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dc.contributor.authorAdeyemi, J.en
dc.contributor.authorReid, R.en
dc.contributor.authorBaho, S.en
dc.contributor.authorHoosen, H.en
dc.contributor.authordel Aguila, C.en
dc.contributor.authorFenoy, S.en
dc.contributor.authorPena, M. A.en
dc.contributor.authorIzquierdo, F.en
dc.contributor.authorMagnet, A.en
dc.contributor.authorSgamma, Tizianaen
dc.contributor.authorOllero, M. D.en
dc.contributor.authorHurtado, C.en
dc.contributor.authorPena-Fernandez, A.en
dc.date.accessioned2018-03-13T11:28:03Z
dc.date.available2018-03-13T11:28:03Z
dc.date.issued2017-06-02
dc.identifier.citationAdeyemi, J., Reid, R. , Baho, S., Hoosen, H., del Aguila, C., Fenoy, S., Pena, M. A., Izquierdo, F., Magnet, A., Sgamma, Tiziana, Ollero, M. D., Hurtado, C., Pena-Fernandez, A. (2017) Detection of Extended-Spectrum Beta-Lactamases E. coli in Animal Faeces Collected in Urban Parks in Leicester, UK. ASM Microbe 2017, New Orleans, June 2017.en
dc.identifier.urihttp://www.abstractsonline.com/pp8/#!/4358/presentation/5836
dc.identifier.urihttp://hdl.handle.net/2086/15425
dc.description.abstractBackground: The presence and distribution of antibiotic resistance bacteria in the environment could constitute an emerging public health concern. Different studies have described these bacteria in a range of animals and their possible role in the contamination of the environment, however very little studies have determined these bacteria in urban ecosystems. Recovery and remediation of affected environments with these biological hazards, and the establishment of protection interventions, constitute a challenge that requires a collaborative international response to protect the public, especially in urban ecosystems. A preliminary study carried out by our research group have detected Extended-Spectrum β-Lactamases (ESBL) genes for Gram-negative bacteria in animal faecal samples collected in different urban parks in the city centre of Leicester (United Kingdom). Methods: This study investigated the presence of ESBL-producing genes (blaCTX-M, blaSHV, blaTEM and blaOXA) within Escherichia coli (E. coli) due to its implications for human health. 30 faecal samples were collected in the same parks between August and September of 2016. A veterinarian identified the animal species as follow: 22 avian (18 waterfowls, 4 pigeons), 4 dogs, 3 cats and 1 fox. After appropriate treatment of the samples, CTX-M-1-type producing E. coli was detected by molecular analysis in 5 of the analysed samples (17%); all of them from waterfowls. Results: The results described here, although preliminary, might indicate that waterfowls might be carriers of ESBL E. coli producers in Leicester. Waterfowls may have a possible role in the spread of CTX-M-1 producing E. coli in urban ecosystems although more research is required prior to implementing intervention programs in the monitored environment. Conclusions: Possible control measures may be cleaning frequently urban parks, roads and pavement from animal faeces, especially avian faeces; or banning exposure practices such as feeding these animals, activity that is very popular in the monitored city.en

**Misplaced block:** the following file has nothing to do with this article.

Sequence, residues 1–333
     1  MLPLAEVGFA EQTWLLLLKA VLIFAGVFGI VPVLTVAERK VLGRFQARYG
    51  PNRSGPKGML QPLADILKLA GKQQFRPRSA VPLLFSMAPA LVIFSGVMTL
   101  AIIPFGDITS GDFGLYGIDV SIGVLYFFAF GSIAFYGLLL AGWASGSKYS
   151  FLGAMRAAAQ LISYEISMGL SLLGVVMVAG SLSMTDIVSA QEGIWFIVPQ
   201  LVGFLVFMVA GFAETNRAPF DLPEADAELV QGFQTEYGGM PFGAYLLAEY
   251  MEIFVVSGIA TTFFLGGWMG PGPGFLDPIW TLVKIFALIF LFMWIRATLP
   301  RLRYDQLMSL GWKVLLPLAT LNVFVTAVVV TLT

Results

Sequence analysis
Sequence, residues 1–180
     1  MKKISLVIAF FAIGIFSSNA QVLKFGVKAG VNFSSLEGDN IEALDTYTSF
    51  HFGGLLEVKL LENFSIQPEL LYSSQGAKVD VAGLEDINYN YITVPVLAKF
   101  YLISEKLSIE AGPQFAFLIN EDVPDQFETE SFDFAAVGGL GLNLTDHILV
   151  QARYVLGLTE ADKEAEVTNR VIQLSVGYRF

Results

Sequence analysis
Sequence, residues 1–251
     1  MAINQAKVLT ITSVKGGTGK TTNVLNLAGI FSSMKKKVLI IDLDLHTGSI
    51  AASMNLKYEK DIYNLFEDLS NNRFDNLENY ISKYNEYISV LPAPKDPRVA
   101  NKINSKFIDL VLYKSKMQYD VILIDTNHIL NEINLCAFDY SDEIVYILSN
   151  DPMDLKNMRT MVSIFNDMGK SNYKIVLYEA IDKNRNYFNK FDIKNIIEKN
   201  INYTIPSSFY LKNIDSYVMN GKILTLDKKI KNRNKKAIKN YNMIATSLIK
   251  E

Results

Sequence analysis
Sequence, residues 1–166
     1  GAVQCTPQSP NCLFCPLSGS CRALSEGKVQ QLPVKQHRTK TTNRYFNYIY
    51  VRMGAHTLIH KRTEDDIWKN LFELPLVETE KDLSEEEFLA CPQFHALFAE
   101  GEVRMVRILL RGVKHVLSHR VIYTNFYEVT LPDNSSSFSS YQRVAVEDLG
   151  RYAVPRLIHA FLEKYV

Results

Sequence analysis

dc.language.isoenen
dc.subjectDisease Diagnosticsen
dc.titleDetection of Extended-Spectrum Beta-Lactamases E. coli in Animal Faeces Collected in Urban Parks in Leicester, UKen
dc.typeConferenceen
dc.researchgroupInfectious Disease Research Groupen
dc.peerreviewedYesen
dc.funderN/Aen
dc.projectidN/Aen
dc.cclicenceCC-BY-NCen
dc.date.acceptance2017-06-02en
dc.researchinstituteInstitute for Allied Health Sciences Researchen
dc.researchinstituteLeicester Institute for Pharmaceutical Innovation - From Molecules to Practice (LIPI)en


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